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Accidental Habits

These are the accidental habits I brought back to America after living in Japan for one year. I’ve heard of others, like bowing when you’re on the phone – even with someone in your home country. These are different from feelings of reverse culture shock  – they are more like small lifestyle changes.

Brushing after lunch


In my school, there was a time designated for brushing your teeth right after lunch time. It was in the schedule – five minutes to take care of your teeth. They even played the same song every day, so we knew when it was time to brush our teeth. It wasn’t a song about brushing your teeth either. It was an old pop song in English, and I wish I knew what it was, but only know it’s sung by a woman who is probably Swedish.

At my current schools, students are not expected to brush their teeth, which is a little disappointing. Most teachers brush their teeth and some students at least rinse with the water used to rinse out their milk bottles. I brushed my teeth after work most of the time for a while after going back to America, but because my schedule was so inconsistent, I got out of the habit again.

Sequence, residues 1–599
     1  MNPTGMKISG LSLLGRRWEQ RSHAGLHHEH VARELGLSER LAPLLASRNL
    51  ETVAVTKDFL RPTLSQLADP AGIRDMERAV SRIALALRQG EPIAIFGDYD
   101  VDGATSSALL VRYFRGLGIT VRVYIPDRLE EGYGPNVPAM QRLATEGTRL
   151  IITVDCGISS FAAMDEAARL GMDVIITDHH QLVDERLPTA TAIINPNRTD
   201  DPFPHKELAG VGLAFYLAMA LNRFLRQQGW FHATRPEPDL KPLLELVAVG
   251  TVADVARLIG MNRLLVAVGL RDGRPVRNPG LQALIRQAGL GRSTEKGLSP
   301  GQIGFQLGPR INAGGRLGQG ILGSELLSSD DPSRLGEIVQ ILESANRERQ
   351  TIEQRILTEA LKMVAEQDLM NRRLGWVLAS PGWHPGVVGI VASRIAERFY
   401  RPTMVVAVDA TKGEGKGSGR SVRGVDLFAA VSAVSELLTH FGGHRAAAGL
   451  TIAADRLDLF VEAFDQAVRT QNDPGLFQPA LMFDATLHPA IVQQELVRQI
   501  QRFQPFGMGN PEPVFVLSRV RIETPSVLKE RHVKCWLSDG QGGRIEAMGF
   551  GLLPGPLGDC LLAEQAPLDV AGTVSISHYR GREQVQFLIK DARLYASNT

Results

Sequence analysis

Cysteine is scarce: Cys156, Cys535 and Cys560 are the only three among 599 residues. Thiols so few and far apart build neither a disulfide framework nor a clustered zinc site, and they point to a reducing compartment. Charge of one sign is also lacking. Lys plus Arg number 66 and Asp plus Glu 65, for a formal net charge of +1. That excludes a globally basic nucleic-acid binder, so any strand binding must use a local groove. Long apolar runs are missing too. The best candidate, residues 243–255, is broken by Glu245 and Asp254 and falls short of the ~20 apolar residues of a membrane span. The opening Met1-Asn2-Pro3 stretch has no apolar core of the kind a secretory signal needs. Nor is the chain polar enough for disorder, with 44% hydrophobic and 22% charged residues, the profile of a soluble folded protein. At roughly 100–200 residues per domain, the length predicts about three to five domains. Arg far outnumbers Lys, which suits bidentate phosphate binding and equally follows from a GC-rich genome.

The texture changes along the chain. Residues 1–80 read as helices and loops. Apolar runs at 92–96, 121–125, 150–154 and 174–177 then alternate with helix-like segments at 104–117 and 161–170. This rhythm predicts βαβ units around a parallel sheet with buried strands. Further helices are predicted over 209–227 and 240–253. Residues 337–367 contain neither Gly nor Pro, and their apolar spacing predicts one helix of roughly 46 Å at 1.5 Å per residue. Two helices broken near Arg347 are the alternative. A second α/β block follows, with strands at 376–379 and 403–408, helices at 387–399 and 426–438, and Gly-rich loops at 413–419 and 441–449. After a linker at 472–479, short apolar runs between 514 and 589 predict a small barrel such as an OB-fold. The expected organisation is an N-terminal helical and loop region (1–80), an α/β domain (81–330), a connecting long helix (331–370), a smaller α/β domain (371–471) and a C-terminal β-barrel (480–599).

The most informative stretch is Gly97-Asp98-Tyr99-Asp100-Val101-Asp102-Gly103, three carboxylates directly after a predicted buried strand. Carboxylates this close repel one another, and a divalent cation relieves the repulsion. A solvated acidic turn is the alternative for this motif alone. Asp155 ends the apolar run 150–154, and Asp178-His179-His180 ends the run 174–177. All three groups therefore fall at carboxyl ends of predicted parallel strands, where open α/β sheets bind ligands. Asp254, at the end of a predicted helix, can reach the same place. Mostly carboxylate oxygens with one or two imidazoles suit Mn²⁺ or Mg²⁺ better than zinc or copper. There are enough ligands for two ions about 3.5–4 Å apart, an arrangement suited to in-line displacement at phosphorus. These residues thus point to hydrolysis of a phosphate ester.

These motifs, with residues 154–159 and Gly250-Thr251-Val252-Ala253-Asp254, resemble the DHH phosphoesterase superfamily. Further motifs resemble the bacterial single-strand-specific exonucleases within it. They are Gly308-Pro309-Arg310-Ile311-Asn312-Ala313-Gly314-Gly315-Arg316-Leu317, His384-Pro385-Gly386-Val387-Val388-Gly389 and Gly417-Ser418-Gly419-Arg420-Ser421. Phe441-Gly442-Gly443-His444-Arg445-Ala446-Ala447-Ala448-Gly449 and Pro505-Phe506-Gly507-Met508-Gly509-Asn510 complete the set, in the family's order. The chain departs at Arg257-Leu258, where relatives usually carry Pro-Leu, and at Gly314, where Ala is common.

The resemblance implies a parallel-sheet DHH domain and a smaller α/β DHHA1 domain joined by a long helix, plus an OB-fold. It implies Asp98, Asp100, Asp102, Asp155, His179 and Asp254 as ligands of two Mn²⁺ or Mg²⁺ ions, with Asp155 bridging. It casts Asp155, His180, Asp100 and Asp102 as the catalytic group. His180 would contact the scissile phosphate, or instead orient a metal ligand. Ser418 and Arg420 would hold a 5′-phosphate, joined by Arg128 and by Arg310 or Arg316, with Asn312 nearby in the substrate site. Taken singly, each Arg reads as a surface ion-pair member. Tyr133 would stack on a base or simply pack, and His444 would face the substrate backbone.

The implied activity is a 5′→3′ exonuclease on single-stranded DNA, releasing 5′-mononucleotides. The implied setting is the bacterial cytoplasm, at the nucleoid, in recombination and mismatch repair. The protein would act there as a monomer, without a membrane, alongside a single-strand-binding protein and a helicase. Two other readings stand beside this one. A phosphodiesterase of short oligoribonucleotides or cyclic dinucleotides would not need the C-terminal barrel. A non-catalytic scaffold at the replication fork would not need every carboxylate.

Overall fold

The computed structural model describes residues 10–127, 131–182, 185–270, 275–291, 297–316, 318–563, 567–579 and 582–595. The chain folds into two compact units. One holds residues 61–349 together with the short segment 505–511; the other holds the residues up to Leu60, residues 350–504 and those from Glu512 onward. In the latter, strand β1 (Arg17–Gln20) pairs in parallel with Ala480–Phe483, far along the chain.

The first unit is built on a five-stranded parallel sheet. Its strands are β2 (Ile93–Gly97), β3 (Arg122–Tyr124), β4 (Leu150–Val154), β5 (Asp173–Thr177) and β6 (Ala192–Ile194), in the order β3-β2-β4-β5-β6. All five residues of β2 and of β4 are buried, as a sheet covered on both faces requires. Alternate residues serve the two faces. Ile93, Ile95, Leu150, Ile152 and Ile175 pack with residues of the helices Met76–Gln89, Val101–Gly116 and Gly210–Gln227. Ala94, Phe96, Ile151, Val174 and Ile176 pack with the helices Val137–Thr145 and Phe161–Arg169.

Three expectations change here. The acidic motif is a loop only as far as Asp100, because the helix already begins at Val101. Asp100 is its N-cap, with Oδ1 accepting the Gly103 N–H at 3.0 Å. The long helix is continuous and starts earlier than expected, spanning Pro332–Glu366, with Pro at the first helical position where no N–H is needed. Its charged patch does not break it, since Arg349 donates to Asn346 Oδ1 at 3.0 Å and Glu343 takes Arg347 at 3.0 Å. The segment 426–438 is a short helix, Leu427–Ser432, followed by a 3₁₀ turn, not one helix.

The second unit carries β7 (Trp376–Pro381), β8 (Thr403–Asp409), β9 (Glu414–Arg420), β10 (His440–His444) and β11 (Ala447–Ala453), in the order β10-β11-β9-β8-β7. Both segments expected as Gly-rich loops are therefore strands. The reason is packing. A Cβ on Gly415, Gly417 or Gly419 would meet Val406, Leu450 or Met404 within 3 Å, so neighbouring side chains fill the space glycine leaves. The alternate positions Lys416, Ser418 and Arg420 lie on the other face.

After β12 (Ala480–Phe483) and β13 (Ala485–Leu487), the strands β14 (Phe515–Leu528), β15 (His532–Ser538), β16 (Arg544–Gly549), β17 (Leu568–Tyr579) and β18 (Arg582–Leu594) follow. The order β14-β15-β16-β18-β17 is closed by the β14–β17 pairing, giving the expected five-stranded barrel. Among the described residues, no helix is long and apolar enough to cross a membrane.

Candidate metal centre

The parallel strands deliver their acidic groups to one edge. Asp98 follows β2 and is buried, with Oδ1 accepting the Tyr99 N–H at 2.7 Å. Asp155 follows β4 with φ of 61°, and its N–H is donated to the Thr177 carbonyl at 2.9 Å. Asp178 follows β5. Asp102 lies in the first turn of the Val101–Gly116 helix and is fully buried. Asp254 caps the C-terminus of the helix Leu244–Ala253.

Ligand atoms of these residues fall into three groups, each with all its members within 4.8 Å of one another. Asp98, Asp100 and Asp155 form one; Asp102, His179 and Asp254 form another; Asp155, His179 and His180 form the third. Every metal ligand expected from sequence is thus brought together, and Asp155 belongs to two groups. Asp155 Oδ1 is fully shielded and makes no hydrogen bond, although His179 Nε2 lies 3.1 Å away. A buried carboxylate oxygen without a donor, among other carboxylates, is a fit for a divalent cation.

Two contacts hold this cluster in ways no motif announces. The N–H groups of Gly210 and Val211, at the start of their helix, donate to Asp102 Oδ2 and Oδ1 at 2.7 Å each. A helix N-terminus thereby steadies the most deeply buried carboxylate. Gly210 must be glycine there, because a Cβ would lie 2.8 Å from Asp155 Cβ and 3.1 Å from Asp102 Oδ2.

Back in Japan, I brush my teeth after lunch every day at work again.



Carrying a small hand towel

I started to carry a hand towel to work (and most of the time when I went out) to use after washing my hands in public places. A lot of public bathrooms don’t have hand dryers, although the nice places do. A few super nice places have cloth hand towels you can use. I haven’t ever seen paper towels for drying your hands in bathrooms in Japan. I see most women carrying their own towel and most men carry a handkerchief for the same reason. If you work in a school, there won’t be anything for drying your hands, so bringing a hand towel is a good idea.